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Medical Evacuation on QM2 now? (10 June 2024, 01:20(UTC))


leyland1989
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Tracking QM2 on marine traffic out of curiosity since it's the first time in a very long time the QM2 is doing a 6 days crossing. 

I'd be interested to know how fast it will be going (should be around 22-26kts, near her maximum designed speed).

It was going pretty quick for a while at around 24 kts but suddenly turned toward Plymouth and slowed down to 10kts 10 mins ago (01:10 UTC). 

 

Is there anyone currently onboard know what's going on 🙂 ? 

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We were awakened T 1:30 am with the captain telling us a helicopter was coming to take a person off to Plymouth. Pray they are ok

we are doing CD about 24 knots at times 

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There was also a helicopter evacuation on the QM2 a couple of days ago, sailing the North Sea en route from Norway to Zeebrugge.  We were awakened about 3am by the captain with instructions what not to do. Nearly gave us a heart attack. This made the cruise 4 hours behind schedule and excursions had to be changed. We were also doing 24 knots to make up time.

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QM2 designed cruising speed is in the 24-26 knot range, at full speed she is a 29-30 knot ship. They tend to run a bit slower both for fuel economy and the length of the trip dictates speed - for example TAs now take 7 nights at sea where if she ran full out they could be 5 nights. 

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Posted (edited)
16 minutes ago, JT1101 said:

QM2 designed cruising speed is in the 24-26 knot range, at full speed she is a 29-30 knot ship. They tend to run a bit slower both for fuel economy and the length of the trip dictates speed - for example TAs now take 7 nights at sea where if she ran full out they could be 5 nights. 

If I remember correctly (from other forums posts or interviews), QM2 is designed with a service crusing speed of 24-26 kts for 6 nights crossings with some headroom up to around 28 or 29 kts to make up time should there be any delays. 30kts was the top speed during sea trials and it's not sustainable in revenue service. 

 

However, the main diesel engines can only sustain speeds up to 24 kts, anything over will require one or two gas turbines to be brought online (they have high fuel consumption and burn MGO which is more expensive than bunker fuel). 

 

A 7 nights crossing average out at 21 kts and 6 nights should be around 24-25 kts. It appears that QM2 is doing exactly that right now. 

 

6 nights crossing maybe a let down for some but it's one of the rare time we get to experience her true potential since they changed to a 7 nights schedule. 

 

 

 

 

 

Edited by leyland1989
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4 hours ago, Ray66 said:

There was also a helicopter evacuation on the QM2 a couple of days ago, sailing the North Sea en route from Norway to Zeebrugge.  We were awakened about 3am by the captain with instructions what not to do. Nearly gave us a heart attack. This made the cruise 4 hours behind schedule and excursions had to be changed. We were also doing 24 knots to make up time.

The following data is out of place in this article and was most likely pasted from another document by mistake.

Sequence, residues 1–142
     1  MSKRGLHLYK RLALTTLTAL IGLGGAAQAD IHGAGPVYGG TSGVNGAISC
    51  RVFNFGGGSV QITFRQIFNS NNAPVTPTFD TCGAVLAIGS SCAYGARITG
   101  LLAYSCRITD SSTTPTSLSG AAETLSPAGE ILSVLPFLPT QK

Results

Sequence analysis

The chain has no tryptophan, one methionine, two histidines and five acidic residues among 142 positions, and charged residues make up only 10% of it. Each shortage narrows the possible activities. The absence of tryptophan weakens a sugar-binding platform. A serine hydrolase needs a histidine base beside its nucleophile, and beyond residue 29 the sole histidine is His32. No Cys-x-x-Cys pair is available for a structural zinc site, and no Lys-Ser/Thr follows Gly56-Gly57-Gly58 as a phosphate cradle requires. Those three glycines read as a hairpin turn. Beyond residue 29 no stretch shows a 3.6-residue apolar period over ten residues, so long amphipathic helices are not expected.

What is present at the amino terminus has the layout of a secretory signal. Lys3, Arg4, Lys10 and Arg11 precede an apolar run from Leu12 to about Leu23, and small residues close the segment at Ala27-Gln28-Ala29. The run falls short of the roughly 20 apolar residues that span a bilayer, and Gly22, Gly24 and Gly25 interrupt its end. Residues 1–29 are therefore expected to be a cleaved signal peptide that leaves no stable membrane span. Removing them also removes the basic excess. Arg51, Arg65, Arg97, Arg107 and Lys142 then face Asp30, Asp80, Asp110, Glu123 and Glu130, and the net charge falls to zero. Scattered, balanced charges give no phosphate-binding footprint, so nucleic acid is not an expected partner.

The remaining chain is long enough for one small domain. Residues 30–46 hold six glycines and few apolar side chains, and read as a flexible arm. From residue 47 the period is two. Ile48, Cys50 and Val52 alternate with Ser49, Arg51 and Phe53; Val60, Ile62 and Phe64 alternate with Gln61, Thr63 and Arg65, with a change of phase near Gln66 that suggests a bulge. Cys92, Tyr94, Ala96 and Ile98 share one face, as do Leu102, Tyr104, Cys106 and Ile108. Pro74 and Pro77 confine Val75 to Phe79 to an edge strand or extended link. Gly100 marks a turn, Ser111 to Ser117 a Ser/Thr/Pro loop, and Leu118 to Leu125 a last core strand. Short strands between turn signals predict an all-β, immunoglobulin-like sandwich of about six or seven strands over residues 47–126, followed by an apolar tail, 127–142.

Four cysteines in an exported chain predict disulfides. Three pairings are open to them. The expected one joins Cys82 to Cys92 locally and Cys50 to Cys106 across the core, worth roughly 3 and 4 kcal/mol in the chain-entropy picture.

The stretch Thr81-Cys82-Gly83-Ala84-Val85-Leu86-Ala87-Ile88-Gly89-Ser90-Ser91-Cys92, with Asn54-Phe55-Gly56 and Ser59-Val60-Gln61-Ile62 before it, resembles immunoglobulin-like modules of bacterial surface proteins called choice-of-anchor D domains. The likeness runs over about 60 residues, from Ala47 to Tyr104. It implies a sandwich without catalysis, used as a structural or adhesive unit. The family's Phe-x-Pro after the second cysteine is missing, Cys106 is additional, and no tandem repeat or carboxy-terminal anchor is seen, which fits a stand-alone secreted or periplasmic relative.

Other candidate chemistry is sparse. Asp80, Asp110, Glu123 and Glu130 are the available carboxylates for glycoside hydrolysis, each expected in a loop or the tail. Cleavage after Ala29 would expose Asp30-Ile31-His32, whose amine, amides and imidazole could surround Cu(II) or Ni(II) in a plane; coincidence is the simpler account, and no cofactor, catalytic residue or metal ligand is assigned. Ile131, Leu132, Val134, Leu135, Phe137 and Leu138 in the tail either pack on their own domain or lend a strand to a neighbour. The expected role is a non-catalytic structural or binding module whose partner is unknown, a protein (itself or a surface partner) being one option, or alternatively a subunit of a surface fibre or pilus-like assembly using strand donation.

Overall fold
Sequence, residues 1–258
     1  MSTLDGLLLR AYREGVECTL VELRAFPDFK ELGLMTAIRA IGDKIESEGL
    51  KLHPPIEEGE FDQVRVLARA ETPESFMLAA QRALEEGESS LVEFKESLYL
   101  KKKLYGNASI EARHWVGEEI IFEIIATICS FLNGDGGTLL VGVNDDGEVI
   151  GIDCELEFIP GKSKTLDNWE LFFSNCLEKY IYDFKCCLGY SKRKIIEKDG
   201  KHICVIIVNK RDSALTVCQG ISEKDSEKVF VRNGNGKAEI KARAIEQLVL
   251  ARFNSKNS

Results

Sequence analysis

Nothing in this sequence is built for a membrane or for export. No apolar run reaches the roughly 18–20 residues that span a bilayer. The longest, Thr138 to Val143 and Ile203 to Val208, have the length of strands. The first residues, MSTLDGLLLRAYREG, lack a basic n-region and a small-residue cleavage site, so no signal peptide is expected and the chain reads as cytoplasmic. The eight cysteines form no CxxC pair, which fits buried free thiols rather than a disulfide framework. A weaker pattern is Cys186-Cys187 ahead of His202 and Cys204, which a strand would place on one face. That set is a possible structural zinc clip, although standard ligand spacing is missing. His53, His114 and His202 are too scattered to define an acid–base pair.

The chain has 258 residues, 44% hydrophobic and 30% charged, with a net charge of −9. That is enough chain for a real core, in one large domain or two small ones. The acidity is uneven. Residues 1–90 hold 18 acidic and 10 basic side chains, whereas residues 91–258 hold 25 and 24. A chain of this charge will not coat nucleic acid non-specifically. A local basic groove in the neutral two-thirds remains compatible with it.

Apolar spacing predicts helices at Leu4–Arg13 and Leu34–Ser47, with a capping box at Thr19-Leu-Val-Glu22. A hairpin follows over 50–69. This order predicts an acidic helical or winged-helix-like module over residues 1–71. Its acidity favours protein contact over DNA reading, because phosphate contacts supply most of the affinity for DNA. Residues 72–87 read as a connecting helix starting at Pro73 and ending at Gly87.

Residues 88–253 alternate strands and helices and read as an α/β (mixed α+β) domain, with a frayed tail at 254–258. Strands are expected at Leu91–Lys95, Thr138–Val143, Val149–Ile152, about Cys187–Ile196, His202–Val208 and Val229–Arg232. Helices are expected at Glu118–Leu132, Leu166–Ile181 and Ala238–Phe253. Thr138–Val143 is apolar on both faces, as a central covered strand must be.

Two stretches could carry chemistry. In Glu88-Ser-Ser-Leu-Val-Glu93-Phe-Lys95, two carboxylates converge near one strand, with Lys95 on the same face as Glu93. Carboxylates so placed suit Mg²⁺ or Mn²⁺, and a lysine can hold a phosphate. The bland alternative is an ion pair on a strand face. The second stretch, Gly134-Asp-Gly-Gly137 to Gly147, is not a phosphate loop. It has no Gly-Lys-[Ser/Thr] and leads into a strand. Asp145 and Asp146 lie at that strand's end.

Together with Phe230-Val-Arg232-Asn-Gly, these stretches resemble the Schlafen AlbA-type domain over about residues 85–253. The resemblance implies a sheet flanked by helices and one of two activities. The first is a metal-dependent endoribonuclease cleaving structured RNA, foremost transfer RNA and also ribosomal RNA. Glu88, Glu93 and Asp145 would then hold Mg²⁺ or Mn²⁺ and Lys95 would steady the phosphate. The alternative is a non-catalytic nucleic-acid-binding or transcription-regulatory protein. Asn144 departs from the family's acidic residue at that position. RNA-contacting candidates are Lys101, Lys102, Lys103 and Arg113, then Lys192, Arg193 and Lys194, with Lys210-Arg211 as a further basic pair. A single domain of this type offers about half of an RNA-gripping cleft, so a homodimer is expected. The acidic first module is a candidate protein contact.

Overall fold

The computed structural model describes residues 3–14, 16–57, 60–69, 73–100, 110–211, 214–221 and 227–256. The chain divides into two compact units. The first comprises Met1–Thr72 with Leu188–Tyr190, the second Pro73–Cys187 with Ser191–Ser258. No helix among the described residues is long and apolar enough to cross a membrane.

I was on this cruise too. We got up to at least 25.1 knots at one time - as captured on this photo of the navigation channel, taken on Saturday evening after our departure from Zeebrugge.

 

IMG_4435.jpeg

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And in 2018 when we had to make up time in the Atlantic because of storm dodging we hit 30 knots for a while. QM2 is capable of hitting the gas when needed. 

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I've not seen anything anywhere about a turbine blowing up. Also she was recently in refit and I am sure they addressed power plant work.

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The LM2500 turbine housings are designed to allow for rapid replacement - if replacement was needed I also would have expected that to have been in scope for the last 'availability'.

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Posted (edited)

For a whole variety of reasons, it hasn't been replaced yet.

 

There was no public announcement when it failed completely. They don't provide a running commentry.

Edited by BigMac1953
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At the CWC cocktail party last night Capt. Hashmi announced that the individual who was air lifted off the ship is making a good recovery. He also said that our average speed since leaving SH has been 24.6knts and it has been interesting watching the fuel needle nose dive. 
Jack

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Last year, after leaving NYC we had to change course to redezvous with the Canadian Coastguard for an emergency casevac,

 

The helo hovered for almost one hour and made a successful evacuation.

 

Discovered later that the casualty had acute appendicitus, but recovered well.

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4 hours ago, Carnevale said:

Does the QM2 have a place where a helicopter can land or is the person lifted off using a long line?

No landing pad, patient is hoisted aboard helicopter using line and winch. 

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5 hours ago, Carnevale said:

Does the QM2 have a place where a helicopter can land or is the person lifted off using a long line?

Even those ships with "helipads" will almost never have a helicopter land on it, unless the ship is in port.  Landing on a moving, rolling, pitching small deck while the ship's superstructure moves towards the helicopter is dangerous in the extreme, so winch evacuation is done 99% of the time.

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